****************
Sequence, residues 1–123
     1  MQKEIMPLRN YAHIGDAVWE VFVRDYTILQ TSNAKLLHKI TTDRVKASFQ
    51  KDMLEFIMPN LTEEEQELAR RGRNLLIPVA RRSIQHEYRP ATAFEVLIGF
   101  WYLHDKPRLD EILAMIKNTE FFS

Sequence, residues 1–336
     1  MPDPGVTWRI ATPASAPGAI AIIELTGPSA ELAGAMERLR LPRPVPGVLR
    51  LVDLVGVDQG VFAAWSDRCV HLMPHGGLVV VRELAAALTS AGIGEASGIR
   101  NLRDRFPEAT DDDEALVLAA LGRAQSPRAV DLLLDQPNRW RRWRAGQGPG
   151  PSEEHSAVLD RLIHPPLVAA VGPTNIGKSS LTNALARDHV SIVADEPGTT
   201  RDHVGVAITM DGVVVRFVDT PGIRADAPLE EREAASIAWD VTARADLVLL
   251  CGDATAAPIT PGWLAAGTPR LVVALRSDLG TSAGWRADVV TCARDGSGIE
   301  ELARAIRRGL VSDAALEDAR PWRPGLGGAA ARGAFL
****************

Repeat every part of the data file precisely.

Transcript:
Sequence, residues 1–123
     1  MQKEIMPLRN YAHIGDAVWE VFVRDYTILQ TSNAKLLHKI TTDRVKASFQ
    51  KDMLEFIMPN LTEEEQELAR RGRNLLIPVA RRSIQHEYRP ATAFEVLIGF
   101  WYLHDKPRLD EILAMIKNTE FFS

Sequence, residues 1–336
     1  MPDPGVTWRI ATPASAPGAI AIIELTGPSA ELAGAMERLR LPRPVPGVLR
    51  LVDLVGVDQG VFAAWSDRCV HLMPHGGLVV VRELAAALTS AGIGEASGIR
   101  NLRDRFPEAT DDDEALVLAA LGRAQSPRAV DLLLDQPNRW RRWRAGQGPG
   151  PSEEHSAVLD RLIHPPLVAA VGPTNIGKSS LTNALARDHV SIVADEPGTT
   201  RDHVGVAITM DGVVVRFVDT PGIRADAPLE EREAASIAWD VTARADLVLL
   251  CGDATAAPIT PGWLAAGTPR LVVALRSDLG TSAGWRADVV TCARDGSGIE
   301  ELARAIRRGL VSDAALEDAR PWRPGLGGAA ARGAFL